The HondaJet’s GE Honda Aero Engines HF120 turbofan is slated to achieve certification in the second half of next year, according to company president Bill Dwyer. The first HF120 was used for altitude tank testing and pushed to extremes of internal temperature, pressure, heat, cold, transients and 300 air starts. “We exercised the design to beyond the envelope and technical requirements,” he said. The engine is meeting thrust and specific fuel consumption targets, he added.
Flight testing of the HF120 on the GE Honda CJ1 is expected soon or might have already begun by the time this issue is printed. Some of the tests that were planned for the flying testbed were shifted to the altitude chamber, Dwyer said, “because of some program decisions we made.” Flight testing will be done from GE Honda Aero’s facilities in Burlington, N.C., where engines will eventually be assembled. Early engines are being built at GE’s Lynn, Mass. factory.
So far, five HF120s and one core engine have been run and seven engines are under assembly and slated for flight testing and certification. Several of these will be delivered as certified engines. “Every day a lot of people are working around the clock getting the work done,” he said. “This is the fun part of the program.”
Hawker Beechcraft Hawker 450XP
The Hawker 450XP program remains something of a mystery, with Hawker Beechcraft declining to comment on the jet’s current status. The 450XP program was announced at the 2008 NBAA Convention as a long-overdue upgrade of the Hawker 400XP.
The major change is replacement of the original Pratt & Whitney Canada JT15D engines with Fadec-controlled PW535Ds. Both are rated at 2,695 pounds thrust, but the PW535D is flat-rated to ISA + 20 degrees C versus ISA + 12 for the JT15D. With the new engines, the 450XP could fly 235 nm farther carrying four passengers from sea level on a 95-degree F day or 630 nm farther from a 5,600-foot-high airport. Climb to FL370 would be four minutes faster, long-range cruise seven knots quicker (421 knots) and mtow 350 pounds higher (allowing 350 pounds additional fuel load with max payload). Price of the 450XP was set at $7.596 million (2010 $), equipped with Rockwell Collins Pro Line 21 avionics, and deliveries were to begin this year.
Hawker Beechcraft Premier II
Last August, Hawker Beechcraft announced a delay in the Premier II program. The upgrade to the Premier IA was launched at the 2008 Ebace show, at which time entry into service was scheduled for the second quarter of this year. Now deliveries are not planned until the end of 2012 or early 2013. A Premier IA first flew with 3,050-pound-thrust Williams International FJ44-3AP engines more than a year ago. The new Fadec-controlled engines replace the original hydromechanically controlled 2,300-pound-thrust FJ44-2As. Other changes include larger splayed ventral fins on the aft lower fuselage for added lateral stability at low speeds.
The engine upgrade delivers performance improvements without adding fuel, including 45,000-foot maximum altitude with 8,000-foot cabin (thanks to a higher 9.0-psi pressurization differential); a 350-nm range increase (four passengers with full fuel, NBAA IFR reserves, 100-nm alternate); 530 pounds more payload; and 15-knot increase in maximum cruise speed to 465 knots. The Premier II mtow is 13,800 pounds, up from the Premier IA’s 12,500 pounds and necessitating certification in the commuter category. The Premier II will remain a single-pilot jet. Price of the Premier II is $7.365 million (2010 $).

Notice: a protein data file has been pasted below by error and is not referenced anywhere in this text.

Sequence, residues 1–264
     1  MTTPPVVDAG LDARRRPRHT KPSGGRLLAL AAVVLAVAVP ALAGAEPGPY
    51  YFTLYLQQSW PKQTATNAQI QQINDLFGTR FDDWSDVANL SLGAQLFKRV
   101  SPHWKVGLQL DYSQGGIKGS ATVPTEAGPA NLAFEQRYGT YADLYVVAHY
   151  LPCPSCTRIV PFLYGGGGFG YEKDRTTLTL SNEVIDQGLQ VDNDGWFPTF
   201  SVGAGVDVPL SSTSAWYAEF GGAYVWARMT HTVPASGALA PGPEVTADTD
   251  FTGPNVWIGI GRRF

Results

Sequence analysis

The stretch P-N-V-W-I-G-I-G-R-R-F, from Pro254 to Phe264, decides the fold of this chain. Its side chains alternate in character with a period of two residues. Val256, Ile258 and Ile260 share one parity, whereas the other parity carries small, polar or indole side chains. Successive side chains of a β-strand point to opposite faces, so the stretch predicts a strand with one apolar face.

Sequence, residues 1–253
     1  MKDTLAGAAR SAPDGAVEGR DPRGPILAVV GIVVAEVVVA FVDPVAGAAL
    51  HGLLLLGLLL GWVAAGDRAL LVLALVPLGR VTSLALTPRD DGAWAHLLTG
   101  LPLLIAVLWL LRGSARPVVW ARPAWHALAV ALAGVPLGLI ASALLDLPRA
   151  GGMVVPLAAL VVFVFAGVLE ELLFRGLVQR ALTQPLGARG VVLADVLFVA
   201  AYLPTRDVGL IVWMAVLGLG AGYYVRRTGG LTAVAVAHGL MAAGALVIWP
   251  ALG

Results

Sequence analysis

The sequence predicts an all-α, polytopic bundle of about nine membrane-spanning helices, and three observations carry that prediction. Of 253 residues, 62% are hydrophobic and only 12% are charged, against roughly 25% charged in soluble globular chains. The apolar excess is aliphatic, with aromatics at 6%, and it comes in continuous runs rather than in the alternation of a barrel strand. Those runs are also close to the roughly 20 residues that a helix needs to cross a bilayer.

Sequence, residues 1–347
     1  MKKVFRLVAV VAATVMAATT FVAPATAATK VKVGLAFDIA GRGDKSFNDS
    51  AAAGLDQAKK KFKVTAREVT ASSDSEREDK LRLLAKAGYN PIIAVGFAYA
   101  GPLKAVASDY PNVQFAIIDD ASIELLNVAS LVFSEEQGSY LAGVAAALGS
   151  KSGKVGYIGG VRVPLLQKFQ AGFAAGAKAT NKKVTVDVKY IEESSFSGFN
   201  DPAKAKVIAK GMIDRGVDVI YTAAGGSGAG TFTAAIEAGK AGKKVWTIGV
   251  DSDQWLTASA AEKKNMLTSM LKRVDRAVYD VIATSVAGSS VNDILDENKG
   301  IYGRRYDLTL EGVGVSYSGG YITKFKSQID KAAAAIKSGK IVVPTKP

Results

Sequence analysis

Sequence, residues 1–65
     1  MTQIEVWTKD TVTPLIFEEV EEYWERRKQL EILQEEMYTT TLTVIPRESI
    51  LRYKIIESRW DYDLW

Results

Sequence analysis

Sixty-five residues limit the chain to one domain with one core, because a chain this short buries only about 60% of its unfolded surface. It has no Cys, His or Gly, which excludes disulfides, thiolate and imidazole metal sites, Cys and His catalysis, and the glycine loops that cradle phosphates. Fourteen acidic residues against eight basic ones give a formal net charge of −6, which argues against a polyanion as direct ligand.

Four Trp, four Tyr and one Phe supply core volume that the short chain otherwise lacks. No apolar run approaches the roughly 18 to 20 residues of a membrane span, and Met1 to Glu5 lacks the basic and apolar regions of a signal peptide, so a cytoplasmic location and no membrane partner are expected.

Embraer Phenom 300
On schedule, Embraer certified and began deliveries of the $8.14 million (2010 $) Phenom 300 last year. The company has orders for about 800 Phenom 100s and 300s, with two-thirds of those expected to be the 100 model and one-third 300s. One Phenom 300 was delivered last year to Executive Flight Services (a subsidiary of Executive AirShare) and through the second quarter of this year another five were delivered.
The Pratt & Whitney Canada PW535-powered Phenom 300’s performance turned out better than projected, with NBAA IFR range growing to 1,971 nm from 1,800 nm (with six occupants) and both takeoff and landing distance shorter and fuel consumption lower than expected.
Piaggio Aero P1XX
Piaggio Aero, with the backing of new shareholders Tata and Mubadala, is actively working on the design of a new jet, tentatively called the P1XX. John Bingham, president and CEO of Piaggio America and chief marketing officer for Piaggio Aero, told AIN that the P1XX is not simply the company’s Avanti with jet engines in place of turboprops but an entirely new design. A launch date for the P1XX program has not been announced. Bingham said in late July that the company is planning further announcements about the P1XX, but he wouldn’t say when these will take place. So far, he has revealed that a dedicated team is working on the P1XX program, and the jet design is well beyond the preliminary concept stage.
Another company with a nascent jet design is Daher-Socata, which recently hired back Stéphane Mayer as CEO. Mayer was chairman and CEO of EADS Socata from 2003 to 2007, and Daher bought the Socata division in 2008. One of Mayer’s jobs as Daher-Socata CEO is to continue development of the eight- to 10-seat NTx jet.